PyDev of the Week: Draga Doncila Pop

This week we welcome Draga Doncila Pop as our PyDev of the Week! Draga is a core developer of the napari package, which is a multi-dimensional image viewer for Python. Draga also speaks at Python conferences about Python and data visualization.

You can see what else Draga is up to by visiting Draga’s GitHub profile.

Let’s spend some time getting to know Draga better!

Can you tell us a little about yourself (hobbies, education, etc):

I am a Romanian born Kiwi living in Australia. I’m currently studying towards my PhD in computer science and working part time as a software engineer. In my spare time I like to read a lot of fantasy and science fiction – I’m currently re-reading the Red Rising saga while I wait for Brandon Sanderson’s next novel. I also love baking, mostly sweet treats – but I really want to conquer yeasted doughs next.

Why did you start using Python?

Python was the second programming language I learned. The first was Borland Delphi, when I was 14. I love Python because it’s so accessible. It’s so easy to spin up something quickly, but it has all the flexibility you need for more complex applications. It used to be that it was way too slow for many applications, but these days even getting C-esque speedups isn’t that bad.

What other programming languages do you know and which is your favorite?

I know Python best, but I’ve dabbled in Java, C#, C, javascript (and its many frameworks), typescript and even a little bit of Haskell. I think Python is my favourite, but I work so much with Python that it’s hard to make this a fair comparison. I love the ethos of Python, its community, and the difference it’s made to scientific computing. I do love Haskell a lot too, just because it’s a totally different paradigm – I wish I knew it better.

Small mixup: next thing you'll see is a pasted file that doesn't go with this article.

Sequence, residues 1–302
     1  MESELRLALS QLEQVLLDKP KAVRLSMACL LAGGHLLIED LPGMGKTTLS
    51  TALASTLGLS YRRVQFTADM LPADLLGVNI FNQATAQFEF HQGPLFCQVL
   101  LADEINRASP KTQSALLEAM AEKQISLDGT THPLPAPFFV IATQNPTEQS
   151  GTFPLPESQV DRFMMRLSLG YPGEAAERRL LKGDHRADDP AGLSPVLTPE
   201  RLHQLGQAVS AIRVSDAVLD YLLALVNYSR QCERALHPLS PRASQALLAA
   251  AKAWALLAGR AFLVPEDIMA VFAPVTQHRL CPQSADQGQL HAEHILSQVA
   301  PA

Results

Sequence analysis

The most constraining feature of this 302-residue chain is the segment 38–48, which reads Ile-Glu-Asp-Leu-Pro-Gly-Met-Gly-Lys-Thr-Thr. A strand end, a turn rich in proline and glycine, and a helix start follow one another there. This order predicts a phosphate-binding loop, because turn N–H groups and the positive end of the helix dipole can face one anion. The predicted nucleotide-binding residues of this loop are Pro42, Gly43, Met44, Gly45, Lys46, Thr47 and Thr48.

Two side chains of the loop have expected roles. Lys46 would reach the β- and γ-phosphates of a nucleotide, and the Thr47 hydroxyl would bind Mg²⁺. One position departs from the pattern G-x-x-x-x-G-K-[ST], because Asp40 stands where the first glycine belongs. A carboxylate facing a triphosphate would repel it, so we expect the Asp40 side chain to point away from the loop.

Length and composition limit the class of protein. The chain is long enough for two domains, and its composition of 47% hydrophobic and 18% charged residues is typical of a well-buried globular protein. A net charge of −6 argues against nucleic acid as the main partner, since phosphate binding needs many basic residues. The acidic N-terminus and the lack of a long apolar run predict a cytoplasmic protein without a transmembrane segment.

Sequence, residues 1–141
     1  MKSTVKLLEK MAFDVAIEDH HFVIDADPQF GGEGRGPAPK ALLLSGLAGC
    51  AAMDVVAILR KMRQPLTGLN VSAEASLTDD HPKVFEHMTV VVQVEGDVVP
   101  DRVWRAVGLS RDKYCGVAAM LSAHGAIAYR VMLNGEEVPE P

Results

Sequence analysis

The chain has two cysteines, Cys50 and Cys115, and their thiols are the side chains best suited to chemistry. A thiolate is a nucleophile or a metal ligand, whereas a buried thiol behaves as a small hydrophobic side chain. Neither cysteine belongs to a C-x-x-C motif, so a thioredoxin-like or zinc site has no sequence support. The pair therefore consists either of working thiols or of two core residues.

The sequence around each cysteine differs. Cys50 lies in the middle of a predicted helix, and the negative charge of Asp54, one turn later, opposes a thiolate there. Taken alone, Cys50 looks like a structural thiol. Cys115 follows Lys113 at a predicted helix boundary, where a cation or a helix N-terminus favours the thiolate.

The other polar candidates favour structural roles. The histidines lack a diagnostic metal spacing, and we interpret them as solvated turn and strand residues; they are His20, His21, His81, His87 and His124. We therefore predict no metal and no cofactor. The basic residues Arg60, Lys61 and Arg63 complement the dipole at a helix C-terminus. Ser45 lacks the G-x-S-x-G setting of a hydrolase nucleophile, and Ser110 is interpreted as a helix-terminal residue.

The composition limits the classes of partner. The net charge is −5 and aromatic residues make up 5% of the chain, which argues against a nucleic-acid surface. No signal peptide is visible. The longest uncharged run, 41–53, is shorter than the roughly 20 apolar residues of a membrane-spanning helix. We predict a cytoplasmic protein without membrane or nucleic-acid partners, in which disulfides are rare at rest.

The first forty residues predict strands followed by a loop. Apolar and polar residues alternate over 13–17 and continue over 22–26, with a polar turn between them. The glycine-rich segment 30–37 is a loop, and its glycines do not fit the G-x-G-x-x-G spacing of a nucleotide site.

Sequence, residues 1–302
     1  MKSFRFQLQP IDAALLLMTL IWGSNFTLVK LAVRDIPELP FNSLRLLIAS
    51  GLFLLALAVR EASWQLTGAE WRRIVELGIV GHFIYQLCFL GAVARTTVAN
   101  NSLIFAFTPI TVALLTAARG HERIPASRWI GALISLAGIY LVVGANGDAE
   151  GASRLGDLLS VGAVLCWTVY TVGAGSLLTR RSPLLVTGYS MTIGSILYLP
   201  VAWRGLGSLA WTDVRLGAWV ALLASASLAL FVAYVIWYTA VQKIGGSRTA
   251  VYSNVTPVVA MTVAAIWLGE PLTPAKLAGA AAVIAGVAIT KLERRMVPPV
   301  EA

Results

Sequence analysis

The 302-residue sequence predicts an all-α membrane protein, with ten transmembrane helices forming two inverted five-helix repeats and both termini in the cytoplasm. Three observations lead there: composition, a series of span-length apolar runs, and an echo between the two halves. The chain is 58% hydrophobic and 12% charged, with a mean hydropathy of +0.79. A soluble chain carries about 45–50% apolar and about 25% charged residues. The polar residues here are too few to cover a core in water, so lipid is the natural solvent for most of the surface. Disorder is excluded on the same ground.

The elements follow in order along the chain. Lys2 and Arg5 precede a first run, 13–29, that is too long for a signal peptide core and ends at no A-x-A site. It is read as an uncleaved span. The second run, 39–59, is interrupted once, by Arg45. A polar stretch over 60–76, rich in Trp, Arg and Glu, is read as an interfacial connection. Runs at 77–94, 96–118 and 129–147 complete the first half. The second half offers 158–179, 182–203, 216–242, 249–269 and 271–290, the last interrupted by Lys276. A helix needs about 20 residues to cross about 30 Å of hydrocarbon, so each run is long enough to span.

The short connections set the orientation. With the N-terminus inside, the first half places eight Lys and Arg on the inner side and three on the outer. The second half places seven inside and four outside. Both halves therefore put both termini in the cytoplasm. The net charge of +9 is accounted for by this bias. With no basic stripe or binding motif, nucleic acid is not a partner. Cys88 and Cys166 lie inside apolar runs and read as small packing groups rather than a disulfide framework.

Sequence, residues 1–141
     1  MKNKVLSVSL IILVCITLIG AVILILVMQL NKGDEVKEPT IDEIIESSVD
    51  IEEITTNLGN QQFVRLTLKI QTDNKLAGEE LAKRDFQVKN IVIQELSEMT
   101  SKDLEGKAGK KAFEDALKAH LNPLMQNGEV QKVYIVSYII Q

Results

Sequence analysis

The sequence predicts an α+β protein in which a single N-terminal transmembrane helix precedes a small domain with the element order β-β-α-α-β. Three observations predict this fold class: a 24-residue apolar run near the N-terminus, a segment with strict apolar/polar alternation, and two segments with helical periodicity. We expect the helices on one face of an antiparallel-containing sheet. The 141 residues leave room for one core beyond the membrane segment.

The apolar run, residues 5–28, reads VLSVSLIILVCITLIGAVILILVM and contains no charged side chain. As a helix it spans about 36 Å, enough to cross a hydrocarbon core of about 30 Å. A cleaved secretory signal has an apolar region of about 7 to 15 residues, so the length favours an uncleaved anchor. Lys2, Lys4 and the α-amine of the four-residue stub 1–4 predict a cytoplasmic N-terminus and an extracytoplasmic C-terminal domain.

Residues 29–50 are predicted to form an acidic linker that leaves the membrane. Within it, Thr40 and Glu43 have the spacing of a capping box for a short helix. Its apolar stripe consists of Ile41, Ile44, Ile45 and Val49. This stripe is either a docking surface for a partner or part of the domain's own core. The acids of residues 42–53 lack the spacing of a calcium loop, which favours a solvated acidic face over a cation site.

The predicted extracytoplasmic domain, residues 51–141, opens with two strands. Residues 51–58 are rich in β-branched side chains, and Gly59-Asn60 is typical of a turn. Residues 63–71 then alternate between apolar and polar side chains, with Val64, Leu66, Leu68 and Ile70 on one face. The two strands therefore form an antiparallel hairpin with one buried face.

What projects are you working on now?

I mostly work on napari now, and its associated bits and pieces. I’m also working on some packages as part of my PhD, mostly utilities for cell tracking, and eventually a napari plugin. I contribute here and there to other projects as well, but napari is my main focus.

Which Python libraries are your favorite (core or 3rd party)?

I’m a sucker for the array-likes. Zarr, NumPy, dask.array, SciPy sparse… I love the (often…) seamless abstraction of the array interface despite the very different backends and use cases. I love the scientific Python stack in general.

How did you get involved with the napari project?

I worked with napari during my Honours year research project, analyzing high resolution satellite images. I really loved the community and the project itself, so I continued working on it while taking a break from study. Now I’m a core developer, and it’s part of my PhD work as well, and I think I’m very privileged to get to work on something so cool almost full time.

What are the top three things you love about napari?

    • Seeing people’s cool demos and interesting data. It’s just so neat! People have all sorts of fascinating applications, and the results are often absolutely beautiful.
    • The fact that it makes research easier for people. I love that software/computer science can help accelerate research in all sorts of fields, and working with something where I can see the real world impact is very satisfying.
    • It’s open source. This one’s pretty self explanatory, but I just think it’s fantastic that it’s free, anyone can use it, anyone can contribute to it – I think that’s how it should be. Especially for a project that’s meant to support research.

Thanks for doing the interview, Draga!